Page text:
Pink eye is a highly contagious disease that can spread through your beef herd like wildfire, and cause significant production losses. Spring through to late summer provides the perfect conditions for Pink Eye to establish through a herd.

What is it?

  • Caused by Bacteria Moraxella bovis (different to sheep pink eye).
  • Highly contagious eye disease.
  • Affects all ages of cattle but affects younger cattle more.
  • From exposure to infection takes 2-3 days.

 

Risk factors:

  • Dust, high stocking rate, flies and grazing cattle low on stalky pastures (scratches their eyes) are all risk factors for pink eye spread.
  • High risk season is spring through to late summer.

 

What does it do?

  • Causes ulceration of the eye beginning as pinpoint ulcers
  • Untreated eyes will progress rapidly to ruptured eyes and permanent blindness in one or both eyes.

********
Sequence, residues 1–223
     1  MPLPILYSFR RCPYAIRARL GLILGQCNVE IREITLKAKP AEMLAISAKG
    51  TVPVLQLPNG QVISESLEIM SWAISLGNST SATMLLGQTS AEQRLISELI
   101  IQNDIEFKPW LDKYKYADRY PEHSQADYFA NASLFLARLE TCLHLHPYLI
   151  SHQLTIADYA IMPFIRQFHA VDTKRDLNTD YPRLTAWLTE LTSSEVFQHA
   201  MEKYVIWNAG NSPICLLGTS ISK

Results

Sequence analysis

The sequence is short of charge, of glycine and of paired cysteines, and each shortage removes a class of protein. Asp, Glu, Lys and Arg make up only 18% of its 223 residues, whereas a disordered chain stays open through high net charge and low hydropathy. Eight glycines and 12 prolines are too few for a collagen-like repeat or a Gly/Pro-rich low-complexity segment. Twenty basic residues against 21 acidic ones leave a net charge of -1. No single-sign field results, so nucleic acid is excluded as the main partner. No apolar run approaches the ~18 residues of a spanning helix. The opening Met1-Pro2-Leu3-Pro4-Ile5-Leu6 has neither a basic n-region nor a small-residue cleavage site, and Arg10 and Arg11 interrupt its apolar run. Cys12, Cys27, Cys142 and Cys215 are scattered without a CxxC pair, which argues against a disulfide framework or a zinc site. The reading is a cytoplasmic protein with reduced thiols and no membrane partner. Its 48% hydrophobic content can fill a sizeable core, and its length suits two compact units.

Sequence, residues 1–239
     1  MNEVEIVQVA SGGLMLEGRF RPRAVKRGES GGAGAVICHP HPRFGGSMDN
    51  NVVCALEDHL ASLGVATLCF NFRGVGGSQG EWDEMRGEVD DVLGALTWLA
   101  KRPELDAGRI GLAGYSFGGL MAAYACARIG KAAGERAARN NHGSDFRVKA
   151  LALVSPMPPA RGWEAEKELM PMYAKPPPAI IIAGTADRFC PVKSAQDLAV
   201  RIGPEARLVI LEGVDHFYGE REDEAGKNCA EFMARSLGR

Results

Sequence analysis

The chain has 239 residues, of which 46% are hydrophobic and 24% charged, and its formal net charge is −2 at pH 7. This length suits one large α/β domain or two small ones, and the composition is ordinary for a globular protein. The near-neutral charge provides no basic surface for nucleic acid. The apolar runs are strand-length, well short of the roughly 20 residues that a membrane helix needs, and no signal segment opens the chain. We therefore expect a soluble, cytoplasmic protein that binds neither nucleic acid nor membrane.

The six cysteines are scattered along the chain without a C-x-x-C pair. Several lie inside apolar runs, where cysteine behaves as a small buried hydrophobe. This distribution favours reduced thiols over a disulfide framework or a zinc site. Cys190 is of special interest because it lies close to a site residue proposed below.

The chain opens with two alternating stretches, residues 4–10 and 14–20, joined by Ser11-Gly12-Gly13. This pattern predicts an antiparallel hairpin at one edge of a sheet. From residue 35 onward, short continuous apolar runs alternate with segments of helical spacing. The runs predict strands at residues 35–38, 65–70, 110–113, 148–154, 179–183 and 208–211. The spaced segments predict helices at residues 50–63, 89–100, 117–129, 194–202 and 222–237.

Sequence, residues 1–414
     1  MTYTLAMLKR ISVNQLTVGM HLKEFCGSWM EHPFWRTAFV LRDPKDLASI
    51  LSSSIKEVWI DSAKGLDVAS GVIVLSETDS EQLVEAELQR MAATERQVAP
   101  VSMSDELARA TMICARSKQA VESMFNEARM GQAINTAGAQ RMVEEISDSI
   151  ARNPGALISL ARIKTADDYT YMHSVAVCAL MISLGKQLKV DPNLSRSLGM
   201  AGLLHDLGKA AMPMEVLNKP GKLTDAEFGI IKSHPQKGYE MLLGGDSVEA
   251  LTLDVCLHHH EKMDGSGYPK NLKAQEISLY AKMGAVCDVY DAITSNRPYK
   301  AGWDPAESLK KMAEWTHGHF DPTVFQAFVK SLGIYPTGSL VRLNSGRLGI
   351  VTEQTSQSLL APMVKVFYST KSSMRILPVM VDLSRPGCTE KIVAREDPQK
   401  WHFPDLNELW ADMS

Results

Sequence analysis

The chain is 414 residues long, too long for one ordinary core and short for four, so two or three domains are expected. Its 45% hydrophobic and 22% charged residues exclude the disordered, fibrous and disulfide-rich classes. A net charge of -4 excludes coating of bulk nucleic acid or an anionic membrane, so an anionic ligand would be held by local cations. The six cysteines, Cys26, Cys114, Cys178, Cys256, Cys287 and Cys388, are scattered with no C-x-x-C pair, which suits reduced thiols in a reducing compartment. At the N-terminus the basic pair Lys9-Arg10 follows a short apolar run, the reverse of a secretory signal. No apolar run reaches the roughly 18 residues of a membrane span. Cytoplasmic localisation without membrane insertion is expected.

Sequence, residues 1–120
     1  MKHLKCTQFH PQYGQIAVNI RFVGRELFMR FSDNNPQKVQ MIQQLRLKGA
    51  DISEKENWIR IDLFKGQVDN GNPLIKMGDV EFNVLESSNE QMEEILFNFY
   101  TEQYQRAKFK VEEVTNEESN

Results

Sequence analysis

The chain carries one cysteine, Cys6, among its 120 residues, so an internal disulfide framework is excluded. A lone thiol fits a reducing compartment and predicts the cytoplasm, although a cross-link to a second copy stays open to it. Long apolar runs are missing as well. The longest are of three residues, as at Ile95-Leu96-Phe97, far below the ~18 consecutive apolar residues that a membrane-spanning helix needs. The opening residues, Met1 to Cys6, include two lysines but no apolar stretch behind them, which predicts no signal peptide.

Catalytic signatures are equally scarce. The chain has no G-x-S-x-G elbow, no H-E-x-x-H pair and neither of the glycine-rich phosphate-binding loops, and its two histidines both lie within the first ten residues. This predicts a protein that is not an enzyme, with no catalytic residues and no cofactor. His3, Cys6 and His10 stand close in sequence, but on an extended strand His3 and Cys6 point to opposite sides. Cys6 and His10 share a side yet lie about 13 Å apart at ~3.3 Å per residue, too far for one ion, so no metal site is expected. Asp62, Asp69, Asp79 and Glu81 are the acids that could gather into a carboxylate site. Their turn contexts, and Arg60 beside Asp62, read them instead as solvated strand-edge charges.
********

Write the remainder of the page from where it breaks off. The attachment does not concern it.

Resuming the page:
• This is a very painful condition and consequentially will result in decreased growth rates and/or poor body condition in affected animals.

 

Treatment:

  • Isolation of infected animals ASAP is key to reducing the spread of pink eye. This includes separate grazing as it can last on the pasture for weeks.
  • In early stages it can be treated with topical antibiotics. Regardless of how they look, both eyes need to be treated (start with the better eye then move to the diseased eye).

Because it is highly contagious and is likely to cause significant production losses and animal welfare issues it is important to get a vet out to assess. Often the animals require subconjunctival injections, and third eyelid flaps which are veterinary procedures.

 

Prevention:

  • Avoid grazing calves on long pasture. This will reduce irritation of their eyes, and reduce contact with grass already contaminated by affected animals.
  • Avoid grazing low on stalky pastures to minimize scratching of the eyes.
  • Avoid overcrowding, especially in dusty conditions.
  • Control flies.
  • Remove affected animals as soon as possible, and keep isolated until recovered which can be up to 60 days.
  • Vaccinate.
10 September 2018, 00:17
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